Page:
Background: Inhibiting src kinases (non-receptor tyrosine kinase signaling intermediates) reduces melanoma cell proliferation and invasion. Dasatinib inhibits c-kit, PDGFβR, and EPHA2 and src kinases c-src, c-Yes, Lck, and Fyn. A phase 2 trial of dasatinib in melanoma was conducted to assess response rate (RR), progression-free survival (PFS), and toxicity.
Methods: Adults with stage 3/4 chemotherapy-naïve unresectable melanoma were eligible. Dasatinib was initially administered at 100 mg twice daily continuously to 17 patients. Due to toxicity, the starting dosage was decreased to 70 mg twice daily. Tumor assessments occurred every 8 weeks.
Results: Thirty-nine patients were enrolled, 36 of whom were evaluable for activity and toxicity. Five, 4, and 3 patients had acral-lentiginous, ocular, or mucosal primaries, respectively. Two patients had confirmed partial responses lasting 64 and 24 weeks (RR 5%). Three patients had minor responses lasting 136, 64, and 28 weeks, and 1 patient who was responding discontinued due to noncompliance. The median PFS was 8 weeks; the 6-month PFS rate was 13%. One patient with an exon-13 c-kit mutation had a partial response, whereas disease in another patient with an exon-11 c-kit mutation progressed. Common toxicities were fatigue, dyspnea, and pleural effusion.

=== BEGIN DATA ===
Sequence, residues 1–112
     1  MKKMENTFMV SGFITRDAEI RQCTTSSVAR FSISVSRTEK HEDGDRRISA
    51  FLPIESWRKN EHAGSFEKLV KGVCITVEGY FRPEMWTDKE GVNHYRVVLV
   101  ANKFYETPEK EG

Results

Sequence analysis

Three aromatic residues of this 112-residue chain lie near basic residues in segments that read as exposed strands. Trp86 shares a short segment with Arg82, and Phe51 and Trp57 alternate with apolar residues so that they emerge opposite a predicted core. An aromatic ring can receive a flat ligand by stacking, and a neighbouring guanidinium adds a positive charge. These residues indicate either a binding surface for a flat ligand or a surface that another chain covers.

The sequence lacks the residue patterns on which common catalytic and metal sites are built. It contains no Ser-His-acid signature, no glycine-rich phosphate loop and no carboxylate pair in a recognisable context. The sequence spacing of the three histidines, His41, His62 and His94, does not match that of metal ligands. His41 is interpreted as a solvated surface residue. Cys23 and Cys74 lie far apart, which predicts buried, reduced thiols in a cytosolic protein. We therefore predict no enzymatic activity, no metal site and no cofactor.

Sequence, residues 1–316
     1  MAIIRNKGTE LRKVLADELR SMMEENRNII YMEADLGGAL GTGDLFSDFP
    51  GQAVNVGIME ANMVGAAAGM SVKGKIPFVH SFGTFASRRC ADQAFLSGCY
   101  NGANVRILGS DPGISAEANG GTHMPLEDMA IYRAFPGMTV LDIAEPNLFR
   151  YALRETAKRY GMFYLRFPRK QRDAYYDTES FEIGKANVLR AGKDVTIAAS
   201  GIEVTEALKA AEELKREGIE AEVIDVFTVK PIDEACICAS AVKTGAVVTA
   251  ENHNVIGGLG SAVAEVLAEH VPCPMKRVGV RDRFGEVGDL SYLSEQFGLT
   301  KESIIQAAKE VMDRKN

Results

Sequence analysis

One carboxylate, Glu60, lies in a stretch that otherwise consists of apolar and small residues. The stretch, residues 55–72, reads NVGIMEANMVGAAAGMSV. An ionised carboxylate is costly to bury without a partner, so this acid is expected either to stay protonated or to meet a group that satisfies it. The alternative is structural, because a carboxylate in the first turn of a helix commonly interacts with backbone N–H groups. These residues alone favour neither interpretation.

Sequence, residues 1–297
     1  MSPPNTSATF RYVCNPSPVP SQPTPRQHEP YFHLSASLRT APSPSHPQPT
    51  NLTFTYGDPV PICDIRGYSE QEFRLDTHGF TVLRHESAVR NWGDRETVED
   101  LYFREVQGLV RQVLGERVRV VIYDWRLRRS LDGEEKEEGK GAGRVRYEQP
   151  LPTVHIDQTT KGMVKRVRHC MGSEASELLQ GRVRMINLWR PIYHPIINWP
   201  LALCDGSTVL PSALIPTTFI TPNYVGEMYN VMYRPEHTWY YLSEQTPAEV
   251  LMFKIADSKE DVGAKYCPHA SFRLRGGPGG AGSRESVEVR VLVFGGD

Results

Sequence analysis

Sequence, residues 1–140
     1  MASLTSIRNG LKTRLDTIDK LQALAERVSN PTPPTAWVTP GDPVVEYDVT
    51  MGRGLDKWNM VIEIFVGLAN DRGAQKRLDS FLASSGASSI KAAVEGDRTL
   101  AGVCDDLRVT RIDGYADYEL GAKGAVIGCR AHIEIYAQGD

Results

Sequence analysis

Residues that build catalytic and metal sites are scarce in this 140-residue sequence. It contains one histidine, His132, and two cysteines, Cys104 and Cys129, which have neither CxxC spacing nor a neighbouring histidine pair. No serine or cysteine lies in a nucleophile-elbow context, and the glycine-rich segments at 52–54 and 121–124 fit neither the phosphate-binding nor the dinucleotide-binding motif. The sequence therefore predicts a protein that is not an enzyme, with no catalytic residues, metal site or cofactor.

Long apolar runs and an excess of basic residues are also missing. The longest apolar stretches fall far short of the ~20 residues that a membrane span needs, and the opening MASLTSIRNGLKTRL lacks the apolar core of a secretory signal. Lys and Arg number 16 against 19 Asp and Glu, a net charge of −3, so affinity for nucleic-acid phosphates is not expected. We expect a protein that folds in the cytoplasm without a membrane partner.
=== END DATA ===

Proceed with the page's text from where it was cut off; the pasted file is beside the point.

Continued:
Conclusions: Daily dasatinib has minimal activity in unselected melanoma patients, excluding those with c-kit mutations. The study did not meet the prespecified endpoints of 30% response rate or 6-month PFS. Dasatinib was poorly tolerated overall, often requiring dose reduction or interruption. Because activity was observed in a small subset without c-kit mutations, identifying predictive biomarkers is important for future development of dasatinib in melanoma alone or in combination trials.
2010 American Cancer Society.